Let’s say that a salesman has a 4% chance of making a sale on a given sales call. He wants to figure out how long it will take to make 6 sales. (Assume the salesman can make 30 calls per day).

First, we set up the equation:

**(Number Of Sales Made) = (Probability Of Sale)*(Number Of Sales Calls)**

Using the 4% close rate (0.04 as a decimal) and 5 desired sales, we get:

**6 = 0.04*Number Of Sales Calls****6 / 0.04 = Number Of Sales Calls****150 = Number Of Sales Calls**

So, the salesman needs to make 150 calls to make 5 sales. Since the salesman can make 30 calls per day, it will take 150 / 30 = 5 days to make the 6 sales.

### Stock Market Investing

We can also use probability in stock market investing to decide whether to buy, hold, or sell shares of a particular company.

#### Example: Probability In Stock Market Investing

Let’s say that a company is trying to develop a new product for a given market (they will either succeed with the technology or fail – assume there is no partial success). Their target market may grow, stagnate, or fail in the next year.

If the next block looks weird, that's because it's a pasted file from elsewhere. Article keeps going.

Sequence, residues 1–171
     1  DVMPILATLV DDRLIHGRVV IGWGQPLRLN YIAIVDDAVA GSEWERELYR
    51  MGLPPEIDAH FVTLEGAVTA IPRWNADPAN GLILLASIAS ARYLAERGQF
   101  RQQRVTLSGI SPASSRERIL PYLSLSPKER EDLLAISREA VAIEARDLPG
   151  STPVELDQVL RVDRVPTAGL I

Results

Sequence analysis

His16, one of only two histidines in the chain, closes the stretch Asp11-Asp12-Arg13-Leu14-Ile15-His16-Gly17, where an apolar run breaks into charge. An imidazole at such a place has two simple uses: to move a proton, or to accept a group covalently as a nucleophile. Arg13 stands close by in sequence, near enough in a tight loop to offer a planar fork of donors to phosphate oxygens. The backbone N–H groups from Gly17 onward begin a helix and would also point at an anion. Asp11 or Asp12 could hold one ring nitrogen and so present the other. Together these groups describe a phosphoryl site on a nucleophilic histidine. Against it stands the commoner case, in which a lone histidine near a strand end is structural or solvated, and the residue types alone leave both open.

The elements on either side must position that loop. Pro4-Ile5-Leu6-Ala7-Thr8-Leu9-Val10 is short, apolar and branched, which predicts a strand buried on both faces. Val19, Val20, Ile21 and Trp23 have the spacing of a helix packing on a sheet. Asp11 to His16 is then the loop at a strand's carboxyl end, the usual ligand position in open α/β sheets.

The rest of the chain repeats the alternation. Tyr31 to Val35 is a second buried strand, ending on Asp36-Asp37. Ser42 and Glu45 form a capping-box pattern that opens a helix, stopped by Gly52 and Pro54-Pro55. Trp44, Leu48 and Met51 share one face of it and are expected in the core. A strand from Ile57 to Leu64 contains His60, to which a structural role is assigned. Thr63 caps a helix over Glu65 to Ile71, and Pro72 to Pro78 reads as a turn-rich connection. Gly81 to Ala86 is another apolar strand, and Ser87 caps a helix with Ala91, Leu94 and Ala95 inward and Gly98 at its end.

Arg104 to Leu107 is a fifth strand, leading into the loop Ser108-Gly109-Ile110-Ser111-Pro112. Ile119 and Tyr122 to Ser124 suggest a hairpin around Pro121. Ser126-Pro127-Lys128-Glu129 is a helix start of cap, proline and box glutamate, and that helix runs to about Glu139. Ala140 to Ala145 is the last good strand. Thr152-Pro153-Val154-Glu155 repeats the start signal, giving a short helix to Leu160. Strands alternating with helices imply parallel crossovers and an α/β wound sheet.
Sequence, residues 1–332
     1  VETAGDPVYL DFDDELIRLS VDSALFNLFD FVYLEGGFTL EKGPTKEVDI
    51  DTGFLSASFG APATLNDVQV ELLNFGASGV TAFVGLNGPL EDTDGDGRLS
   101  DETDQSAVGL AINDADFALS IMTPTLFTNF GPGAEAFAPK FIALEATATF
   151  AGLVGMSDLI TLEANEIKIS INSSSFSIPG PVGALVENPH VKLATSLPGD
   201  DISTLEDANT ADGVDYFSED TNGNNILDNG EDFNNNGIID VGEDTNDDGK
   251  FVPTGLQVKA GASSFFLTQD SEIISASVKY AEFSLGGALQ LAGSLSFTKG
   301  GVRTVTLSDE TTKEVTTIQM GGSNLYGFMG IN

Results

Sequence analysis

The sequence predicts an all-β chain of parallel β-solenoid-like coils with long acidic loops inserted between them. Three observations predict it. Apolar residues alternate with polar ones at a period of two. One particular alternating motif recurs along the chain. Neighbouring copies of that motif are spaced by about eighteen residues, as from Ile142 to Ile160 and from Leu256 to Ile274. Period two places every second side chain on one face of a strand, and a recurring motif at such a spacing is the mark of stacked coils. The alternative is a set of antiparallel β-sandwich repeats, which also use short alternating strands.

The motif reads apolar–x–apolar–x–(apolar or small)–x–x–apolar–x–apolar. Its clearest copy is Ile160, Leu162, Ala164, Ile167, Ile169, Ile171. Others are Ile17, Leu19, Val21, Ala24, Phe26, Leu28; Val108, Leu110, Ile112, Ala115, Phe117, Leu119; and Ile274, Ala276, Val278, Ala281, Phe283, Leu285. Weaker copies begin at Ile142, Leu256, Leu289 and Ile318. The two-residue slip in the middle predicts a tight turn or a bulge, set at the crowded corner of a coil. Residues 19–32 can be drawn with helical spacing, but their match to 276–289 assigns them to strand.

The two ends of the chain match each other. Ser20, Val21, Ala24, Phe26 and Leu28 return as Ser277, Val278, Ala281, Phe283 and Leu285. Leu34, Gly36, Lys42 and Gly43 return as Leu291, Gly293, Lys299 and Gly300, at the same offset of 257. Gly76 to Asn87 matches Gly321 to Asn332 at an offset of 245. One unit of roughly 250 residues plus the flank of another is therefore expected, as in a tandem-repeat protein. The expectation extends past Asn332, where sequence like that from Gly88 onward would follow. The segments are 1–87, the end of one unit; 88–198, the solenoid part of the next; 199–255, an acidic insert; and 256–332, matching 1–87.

You think the following probabilities apply:

**Probability of successful product development: 80%****Probability that the target market grows: 60%****Probability that the target market stagnates: 30%****Probability that the target market declines: 10%**

If we assume that the chance of successful product development is independent of market conditions, then we can find the following probabilities:

Product | Market Grows (60%) | Market Stagnant (30%) | Market Declines (10%) |
---|---|---|---|

Success (80%) | 0.8*0.6 =0.48 (48%) | 0.8*0.3 =0.24 (24%) | 0.8*0.1 =0.08 (8%) |

Failure (20%) | 0.2*0.6 =0.12 (12%) | 0.2*0.3 =0.06 (6%) | 0.2*0.1 =0.02 (2%) |

based on product success or failure and market conditions.

### Traffic Accidents

Probability can help us to figure out the chance of a fatal accident on a given stretch of road.

#### Example: Probability In Traffic Accidents

Let’s say that there is a 2% probability of an accident on a given day on a stretch of road. This means that we expect an accident every 50 days on this stretch of road.